Although the EEPD is still patchy in places, major progress continues, and more colleagues are joining the project in various ways. Our talk forum (http://eepd.org.uk) is going from strength to strength and work is now under way on our Wiki (http://eepd.org.uk/wiki). Do register and feed-back to us.
Our initiative still seems to be unique and googling “Perinatal Data” now almost always seems to put the EEPD first out of about 1/2 million hits. So far all the others are concerned with using data retrospectively rather than focusing in how electronic records can improve individual patient encounter care and reduce the workload and fear of litigation of midwives and doctors.
We remain convinced of our original premise that
“On both technical and financial grounds, adequately integrating large flow-patterned databases is virtually impossible. For this simple reason, such complex Electronic Patient Records (EPRs), will only attain their true potential to improve the quality of maternity care and to reduce the risk of human errors, without unsustainable data re-entry overload; when, in each speciality and sub-speciality, - following intense, open, web-based discussions - their detailed, logically and chronologically arranged, flow-patterned core questions (and all allowable answer options), - are, by stages, taking account of as many interested parties as possible, individual question by individual question, internationally standardised.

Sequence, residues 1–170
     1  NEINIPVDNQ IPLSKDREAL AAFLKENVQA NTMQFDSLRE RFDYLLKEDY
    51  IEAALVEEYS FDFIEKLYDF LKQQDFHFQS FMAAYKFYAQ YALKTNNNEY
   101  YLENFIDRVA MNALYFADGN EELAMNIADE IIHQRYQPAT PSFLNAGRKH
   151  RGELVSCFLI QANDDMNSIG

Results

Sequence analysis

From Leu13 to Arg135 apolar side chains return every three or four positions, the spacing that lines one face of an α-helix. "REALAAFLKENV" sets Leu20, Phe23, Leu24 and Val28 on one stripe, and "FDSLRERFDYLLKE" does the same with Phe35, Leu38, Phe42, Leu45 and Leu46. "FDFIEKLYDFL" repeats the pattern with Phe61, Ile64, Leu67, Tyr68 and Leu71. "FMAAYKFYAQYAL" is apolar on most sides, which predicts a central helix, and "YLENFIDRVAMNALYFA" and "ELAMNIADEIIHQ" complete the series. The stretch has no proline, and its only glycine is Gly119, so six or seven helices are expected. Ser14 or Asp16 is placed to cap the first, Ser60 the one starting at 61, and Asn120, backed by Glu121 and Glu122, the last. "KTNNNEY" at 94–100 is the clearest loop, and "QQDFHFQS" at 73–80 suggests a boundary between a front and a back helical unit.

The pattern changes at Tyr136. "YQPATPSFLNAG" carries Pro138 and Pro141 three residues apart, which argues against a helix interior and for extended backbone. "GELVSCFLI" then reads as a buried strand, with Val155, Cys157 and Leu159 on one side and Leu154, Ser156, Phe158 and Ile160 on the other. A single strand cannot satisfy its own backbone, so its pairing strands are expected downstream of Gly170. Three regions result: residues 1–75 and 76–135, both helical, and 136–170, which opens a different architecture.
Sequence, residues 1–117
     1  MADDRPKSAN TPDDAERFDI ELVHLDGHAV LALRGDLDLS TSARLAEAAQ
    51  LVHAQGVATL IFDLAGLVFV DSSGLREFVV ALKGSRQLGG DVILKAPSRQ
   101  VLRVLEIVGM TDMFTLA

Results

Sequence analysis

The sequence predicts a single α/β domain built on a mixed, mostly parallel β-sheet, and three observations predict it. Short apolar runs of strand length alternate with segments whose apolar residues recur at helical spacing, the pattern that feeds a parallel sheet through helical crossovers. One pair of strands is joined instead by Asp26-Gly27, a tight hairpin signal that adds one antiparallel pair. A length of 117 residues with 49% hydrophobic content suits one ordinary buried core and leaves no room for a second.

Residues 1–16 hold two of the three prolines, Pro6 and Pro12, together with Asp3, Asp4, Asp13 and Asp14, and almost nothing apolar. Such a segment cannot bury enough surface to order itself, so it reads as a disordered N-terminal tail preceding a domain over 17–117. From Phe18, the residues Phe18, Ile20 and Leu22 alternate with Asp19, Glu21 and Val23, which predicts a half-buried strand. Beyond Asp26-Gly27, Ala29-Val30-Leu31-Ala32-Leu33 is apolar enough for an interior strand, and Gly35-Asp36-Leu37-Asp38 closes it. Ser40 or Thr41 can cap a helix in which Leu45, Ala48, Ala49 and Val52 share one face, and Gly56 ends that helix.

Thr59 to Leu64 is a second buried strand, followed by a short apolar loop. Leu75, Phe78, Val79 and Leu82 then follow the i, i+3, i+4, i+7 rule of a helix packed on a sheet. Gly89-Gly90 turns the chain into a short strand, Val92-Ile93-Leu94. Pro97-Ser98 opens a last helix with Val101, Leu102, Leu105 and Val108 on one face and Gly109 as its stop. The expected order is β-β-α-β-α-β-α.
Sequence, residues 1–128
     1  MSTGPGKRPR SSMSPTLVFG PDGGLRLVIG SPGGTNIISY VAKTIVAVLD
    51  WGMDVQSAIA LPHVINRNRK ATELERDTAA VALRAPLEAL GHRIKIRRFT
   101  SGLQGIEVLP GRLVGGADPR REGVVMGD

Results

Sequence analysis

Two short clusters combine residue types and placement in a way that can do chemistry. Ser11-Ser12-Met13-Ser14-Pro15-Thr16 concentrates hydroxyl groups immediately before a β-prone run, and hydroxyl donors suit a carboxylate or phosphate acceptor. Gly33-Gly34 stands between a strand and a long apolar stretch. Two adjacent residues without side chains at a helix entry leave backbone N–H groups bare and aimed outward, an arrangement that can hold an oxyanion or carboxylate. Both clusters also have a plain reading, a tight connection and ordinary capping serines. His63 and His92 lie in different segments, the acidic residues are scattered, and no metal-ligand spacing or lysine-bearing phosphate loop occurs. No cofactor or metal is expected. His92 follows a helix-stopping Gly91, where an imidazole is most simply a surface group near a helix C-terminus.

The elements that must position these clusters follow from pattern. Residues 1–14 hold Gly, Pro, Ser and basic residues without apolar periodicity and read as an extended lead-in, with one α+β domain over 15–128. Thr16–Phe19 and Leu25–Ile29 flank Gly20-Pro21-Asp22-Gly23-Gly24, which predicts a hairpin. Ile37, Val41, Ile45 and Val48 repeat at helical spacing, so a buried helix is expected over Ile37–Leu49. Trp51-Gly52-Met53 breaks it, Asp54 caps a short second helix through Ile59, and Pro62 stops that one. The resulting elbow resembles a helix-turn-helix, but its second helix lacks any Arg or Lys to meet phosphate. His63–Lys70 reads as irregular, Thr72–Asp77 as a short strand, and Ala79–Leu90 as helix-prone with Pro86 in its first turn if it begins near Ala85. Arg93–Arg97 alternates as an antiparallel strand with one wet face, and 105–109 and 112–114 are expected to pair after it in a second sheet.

Such specifications will only become universally standardised if they are cost-free to all potential users.”
The present situation is rather like, but a thousand times worse than, the classification of diseases before ICD; or of species before Linnaeus. Only this time simply defining thousands of codes is not the answer, instead a flow patterned, chronologically arranged internationally standardised core set of questions and all allowable answer options will be eventually be seen by more and more clinicians to be essential.
It is now much easier to update the actual website using basic word-processing skills rather than expecting clinicians to learn html.
If we are not to be overwhelmed by the workload of re-entering electronic maternity data we will need your help. Do register on EEPDtalk and feed-back to us
Our rapid response electronic letter “Electronic Patient Records: the naked truth” was published on 13th October 2010 in the British Medical Journal. To see the letter click on
Thank you for encouraging us to keep going by visiting the site.
Do have a look again soon,
Rupert Fawdry (updated 23 July 2011)